Articles & Chapters
Below, you will find overviews of my current works in progress or recently published pieces. I have listed, too, my intended destinations for each piece, but if any of these pique your interest for a special issue or edited collection, please reach out. To view the description, just tap / click on the heading to drop down the text. Repeat the action to close the text box.
↳ "Methodologies Not Yet Known: The Queer Case For Relational Research" (Book Chapter)
An Invited Chapter in the Routledge Handbook of Queer Rhetoric
This invited chapter is for the Routledge Handbooks of Queer Rhetorics, the first collection of its kind comprising an international and interdisciplinary cadre of queer researchers. In this chapter, I interrogate the limits of research as a practice within queer rhetorical scholarship as both remain energized by the whiteness of contemporary queer identity politics (construed as settler colonial futurity). Constellating across cultural rhetorics, de- and anticolonial theory and practice, settler colonial studies, Black and Native studies, and Critical University Studies, I argue for a divestment from the settler colonial undercurrents of queerness (as identity, practice, lifeway) and, in their place, the advancement of a decolonial horizon within research projects—and a refusal to do research when the queer researcher cannot imagine a decolonial future.
I begin by highlighting the interlinked nature of queerness with ongoing colonization in settler colonies (primarily within North American and specifically the United States, my context) via the integration of queerness within settler liberalism, springboarding from this criticism into the leaky potential of de/anticolonial theory to dissolve queer stasis as a force for good—as a means of refusing settler futurity. I conclude this chapter by offering solutions to readers derived from my community organizing and approaches to research with(in) marginalized communities. With these questions, I implore readers to begin the work of queerly relational research, or methodologizing in a manner that forecloses the settler imaginary—the totalizing intellectual purview of research—and that advances Black/Indigenous futurity.
↳ "(Re)Mapping Digital Infrastructure: Toward the Internet as Land" (Article)
In her keynote for EPIC2019, Sareeta Amrute (2020) advances a critical truism of the globalized, technological, and infrastructural regime endemic to so-called modern life: “In the realm of science and technology, risks are generally borne by colonial subjects while metropolitan elites assume the role of developers and innovators of new technologies.” This colonial innovation operationalizes much of what Amrute (2020) terms tech colonialism, which functions on an array of extractive colonization, racial hierarchy, and paternal exploitation. These technological facets persist today in often unseen, mundane settings—cables buried underfoot deep in stolen land and cooled with stolen waters (Edwards, 2020), white settlers benefitting from colonial holdovers (Benjamin, 2019), and waste shipped to a foreign somewhere away from the metropole (Hogan, 2018). Technology users are seldom privy to the colonial histories endemic to their devices and their uses (Ramos, 2014). The internet, too, as techno-sociological infrastructure (Harvey & Luka, 2019), machinates through the march of tech colonialism, especially within the context of empire on the North American continent (Hu, 2017). With a formative starting point in the militarism of the modern United States (Chun, 2011), many scholars of race, infrastructure, and technology have noted how the internet’s developmental horizon is propelled by settler colonial futurity (Todd, 1996; Hu, 2015; Noble, 2016; Benjamin, 2019; Brown, 2019; Brock, 2020). Colonialism technologizes itself to persist.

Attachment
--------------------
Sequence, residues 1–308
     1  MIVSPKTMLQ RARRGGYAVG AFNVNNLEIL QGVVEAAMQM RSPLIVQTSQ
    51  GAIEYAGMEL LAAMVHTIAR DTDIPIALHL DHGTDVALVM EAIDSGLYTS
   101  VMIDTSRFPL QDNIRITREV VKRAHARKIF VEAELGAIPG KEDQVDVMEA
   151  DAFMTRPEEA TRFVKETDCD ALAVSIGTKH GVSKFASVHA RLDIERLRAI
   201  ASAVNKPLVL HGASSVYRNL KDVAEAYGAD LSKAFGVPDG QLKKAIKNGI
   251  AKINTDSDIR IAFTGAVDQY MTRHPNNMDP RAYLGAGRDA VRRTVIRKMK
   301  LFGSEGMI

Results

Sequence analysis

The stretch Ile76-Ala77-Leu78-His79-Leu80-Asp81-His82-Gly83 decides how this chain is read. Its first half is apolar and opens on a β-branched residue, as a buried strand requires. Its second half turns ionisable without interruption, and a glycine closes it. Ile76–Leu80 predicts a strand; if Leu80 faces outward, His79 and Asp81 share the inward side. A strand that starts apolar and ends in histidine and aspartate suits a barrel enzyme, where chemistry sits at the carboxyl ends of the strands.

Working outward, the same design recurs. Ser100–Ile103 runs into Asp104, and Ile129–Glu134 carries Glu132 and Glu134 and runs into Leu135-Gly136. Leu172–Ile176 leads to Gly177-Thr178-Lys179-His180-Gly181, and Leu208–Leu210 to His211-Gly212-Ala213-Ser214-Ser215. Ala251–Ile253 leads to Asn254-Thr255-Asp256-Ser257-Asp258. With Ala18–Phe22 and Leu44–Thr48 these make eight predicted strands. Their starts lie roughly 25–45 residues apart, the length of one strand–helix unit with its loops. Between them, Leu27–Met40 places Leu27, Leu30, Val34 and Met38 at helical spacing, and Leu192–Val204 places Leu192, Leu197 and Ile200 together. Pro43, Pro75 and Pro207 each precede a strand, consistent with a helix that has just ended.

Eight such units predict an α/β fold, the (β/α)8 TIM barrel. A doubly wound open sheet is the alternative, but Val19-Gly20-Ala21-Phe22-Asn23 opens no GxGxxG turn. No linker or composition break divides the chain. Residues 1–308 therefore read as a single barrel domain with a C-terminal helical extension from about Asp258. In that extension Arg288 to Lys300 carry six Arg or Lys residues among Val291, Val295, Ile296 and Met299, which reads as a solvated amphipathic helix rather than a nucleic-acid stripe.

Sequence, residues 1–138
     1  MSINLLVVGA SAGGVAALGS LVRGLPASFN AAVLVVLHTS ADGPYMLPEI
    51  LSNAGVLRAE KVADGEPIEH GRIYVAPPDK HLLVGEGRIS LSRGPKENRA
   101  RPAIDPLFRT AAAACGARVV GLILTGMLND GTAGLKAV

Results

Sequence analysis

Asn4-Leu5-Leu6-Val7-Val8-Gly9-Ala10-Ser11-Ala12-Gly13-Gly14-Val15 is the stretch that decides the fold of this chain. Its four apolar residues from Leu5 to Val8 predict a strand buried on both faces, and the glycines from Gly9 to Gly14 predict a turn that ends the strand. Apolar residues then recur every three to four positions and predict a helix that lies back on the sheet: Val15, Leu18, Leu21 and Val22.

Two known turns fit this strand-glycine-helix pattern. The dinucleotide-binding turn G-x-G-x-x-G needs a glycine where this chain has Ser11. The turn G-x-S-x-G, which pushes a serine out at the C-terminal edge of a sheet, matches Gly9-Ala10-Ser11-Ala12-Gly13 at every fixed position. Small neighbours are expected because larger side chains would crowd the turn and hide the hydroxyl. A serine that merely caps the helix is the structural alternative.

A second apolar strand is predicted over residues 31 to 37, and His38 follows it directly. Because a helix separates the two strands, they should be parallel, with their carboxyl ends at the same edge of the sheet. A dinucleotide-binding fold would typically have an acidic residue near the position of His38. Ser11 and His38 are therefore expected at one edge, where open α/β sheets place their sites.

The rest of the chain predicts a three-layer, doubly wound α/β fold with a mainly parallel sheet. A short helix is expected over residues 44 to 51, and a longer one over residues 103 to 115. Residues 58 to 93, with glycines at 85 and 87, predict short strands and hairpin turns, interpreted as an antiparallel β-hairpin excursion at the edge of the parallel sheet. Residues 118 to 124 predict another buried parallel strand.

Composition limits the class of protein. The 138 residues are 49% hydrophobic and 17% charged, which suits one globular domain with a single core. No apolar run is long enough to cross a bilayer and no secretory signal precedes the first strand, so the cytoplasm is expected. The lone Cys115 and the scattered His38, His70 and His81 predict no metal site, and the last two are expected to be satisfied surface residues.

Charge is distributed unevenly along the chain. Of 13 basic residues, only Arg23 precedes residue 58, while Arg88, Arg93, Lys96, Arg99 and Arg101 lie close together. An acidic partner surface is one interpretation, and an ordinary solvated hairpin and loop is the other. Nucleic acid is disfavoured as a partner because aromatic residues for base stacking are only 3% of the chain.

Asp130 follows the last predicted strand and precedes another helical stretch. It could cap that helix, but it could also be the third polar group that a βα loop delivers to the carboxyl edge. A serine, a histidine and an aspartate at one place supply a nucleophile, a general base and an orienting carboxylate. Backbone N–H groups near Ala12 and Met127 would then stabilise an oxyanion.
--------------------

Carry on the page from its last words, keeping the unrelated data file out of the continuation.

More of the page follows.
This article intervenes in this critical march, interrupting tech colonialism via a theoretical intervention into current understandings of the internet's social and material infrastructure. Specifically, the article I am drafting comprises a theoretical argument for revising the internet's popularized and metaphorized definitional schemas (Frith, 2020) within Indigenous cosmologies and Black epistemologies. In so doing, I forward the concept of the internet as land, which forces a consideration of settler colonialism as the socio-material force underpinning design and writing. As a corrective grounded in digital material rhetorics (Hass, 2018; Edwards, 2020), I offer emplacing as a method for collapsing the divide between social and material infrastructure. In this revised material formula, the beingness of infrastructure is at once re-landed and agentially reinvigorated via an attention to the relational agency of the non-human things that make up the internet’s socio-material infrastructure (Duarte, 2017). I outline—via a case study of Arctic fiber optic cables made possible via melting ice—a decolonial attunement to “animals (including nonhumans), technologies, and landbases” (Haas, 2018, p. 421). Ultimately, I argue that emplacing functions as a theoretical tool for assessing the material inventory of internet use for design and writing, beginning at the environmental toll—the digital damage (Edwards, 2020)—and ending at the adventive possibilities of relational thinking amid disaster (Haas, 2018).
Readers will learn how to use emplacing as a theory of 1) ascertaining the colonial holdovers of settler colonialism as they relate to and manifest within design and writing tools and practices and 2) using these motives to account for the non-human relatives comprising the internet and to work toward a decolonized tech horizon. Moreover, readers will learn how to tune into ongoing activism related to Black and Indigenous technological use and to attune their work to new, just futurities.